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Milberger's Nursery and Landscaping
3920 North Loop 1604 E.
San Antonio, TX 78247

Open 9 to 6 Mon. through Sat.
and 10 to 5 on Sun.

Three exits east of 281, inside of 1604
Next to the Diamond Shamrock station
Please click map for more detailed map and driving directions.


Weekly Express-News Article
Saturday, November 5, 2005
By Calvin R. Finch, PhD, SAWS Water Resources Director, and Horticulturist   “Why They are Called Trash Trees”    

            Last week we discussed the most desirable shade trees and how to plant them.  Fall is the best time to plant shade trees (shrubs and perennials, too!) and your favorite nursery probably has them on sale.  There are a number of trees, however, that your nursery probably does not have for sale.  They are often described as “trash trees” because they have one or more characteristics that make them undesirable in the landscape.


            Hackberries lead the list of “trash trees.”  Hackberries are undesirable because they reseed prolifically, do not usually develop an attractive crown, and can be short-lived.  The species produce huge qualities of seed at this time of the year.  The seed is contained in a berry like capsule that is a favorite food of the birds all winter.  The birds consume the berries and then excrete the seed along fence lines, in your rose bushes, and every place else that they roost.  The germination rate is very high.


            On our typically poor soils the hackberries do not reach a large size and often have a raggedy appearance.  They also seem to be susceptible to diebacks and are short-lived on many sites.  This is not always the case, however, on deeper soils hackberries reach over 50 feet tall and if they have room to develop and receive full sun, they can form a handsome tree.  For the wildlife value hackberries are important, but they are not the best shade tree for most landscapes. 


            Mulberries are also usually described as a “trash tree.”  They grow very fast and reseed nearly as aggressively as hackberries.  Mulberries are one of those tree species that will drop their leaves early during droughty summers.  With conscientious pruning they can be shaped to form an open crowned shade tree, but they grow so fast that most people do not prune them adequately and they become quite tangled.  Mulberries are almost as good as hackberries as a wildlife food source.  In my neighborhood the edible berries are all stripped from the trees before they even ripen in the spring.  Cardinals, doves, grackles, starlings, mockingbirds, buntings, wrens, and even warblers feed on the berries.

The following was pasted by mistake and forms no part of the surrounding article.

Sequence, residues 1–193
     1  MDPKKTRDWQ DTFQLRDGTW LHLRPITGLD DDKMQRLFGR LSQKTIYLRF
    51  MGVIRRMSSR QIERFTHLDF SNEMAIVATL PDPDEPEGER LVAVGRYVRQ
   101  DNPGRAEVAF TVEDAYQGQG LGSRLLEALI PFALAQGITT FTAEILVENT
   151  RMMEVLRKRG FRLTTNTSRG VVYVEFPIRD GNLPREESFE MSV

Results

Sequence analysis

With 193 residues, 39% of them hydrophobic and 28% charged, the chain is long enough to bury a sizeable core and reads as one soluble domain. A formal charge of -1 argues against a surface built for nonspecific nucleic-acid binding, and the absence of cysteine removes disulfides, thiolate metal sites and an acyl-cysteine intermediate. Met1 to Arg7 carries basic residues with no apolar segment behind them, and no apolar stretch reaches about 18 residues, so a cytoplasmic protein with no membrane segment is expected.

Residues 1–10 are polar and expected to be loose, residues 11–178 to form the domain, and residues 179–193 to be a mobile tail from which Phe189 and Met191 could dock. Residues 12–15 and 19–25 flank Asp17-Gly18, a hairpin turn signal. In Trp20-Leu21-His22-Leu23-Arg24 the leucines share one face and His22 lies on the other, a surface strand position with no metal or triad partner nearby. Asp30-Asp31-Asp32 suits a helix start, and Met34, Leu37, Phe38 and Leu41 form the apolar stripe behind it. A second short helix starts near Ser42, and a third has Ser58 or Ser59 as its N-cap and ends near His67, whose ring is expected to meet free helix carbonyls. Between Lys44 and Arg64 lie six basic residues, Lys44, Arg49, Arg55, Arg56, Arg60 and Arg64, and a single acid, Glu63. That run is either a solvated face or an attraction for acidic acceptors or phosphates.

Chinese tallow is short-lived and spreads far and wide like the other “trash trees.”  It has an autumn berry that is white and decorative.  The birds eat the berries, but not with the same relish as mulberries or hackberries.  Foliage color is the tallow’s claim to fame.  It is an attractive light green in the spring and can have red purple foliage in the autumn.  The trees are sensitive to cold and brittle in the wind.  The Chinese tallow leaves resemble pear leaves in shape and blow in the wind like aspen leaves.






            Chinaberry has a purple bloom every spring and is a bountiful berry producer in late summer.  The berries are as large as grapes and produced in clusters.  Birds eat a few and spread enough that the seedlings are a nuisance, but it is not a favorite bird tree.  The result is that the berries are messy.  Pool owners find Chinaberry as especially pesky.  The crown has a pleasing shape.  Chinaberry is sometimes called umbrella tree.  Chinaberry is sensitive to cold and relatively sensitive to drought so trees in the San Antonio area are usually short-lived.


            One tree that many landscapers designate as a “trash tree,” but is for sale in most nurseries is the Arizona Ash.  The tree grows very fast and unless you prune it on a regular basis it can become a tangled mess with frequent branch dieback.  Arizona ash is attacked every spring by anthracnose (a foliage disease) and is a favorite food source for insects.  The seeds are formed in large numbers in the spring (a similar, but less common ash has seeds in the fall).  The seeds are eaten by birds with the result that Arizona ash spreads around the neighborhood.  A well cared for Arizona ash often only lives for 25 – 30 years before anthracnose and other stresses end its life.  At that time it can be quite large and expensive to cut down.


            In most cases it is best not to select the trees described in this article for your shade tree.  For a long-lived high value shade tree select from among live oak, Texas red oak, Mexican white oak, Montezuma Cypress, cedar elm, bur oak, chinkapin oak, Lacey oak or Chinese pistache.

























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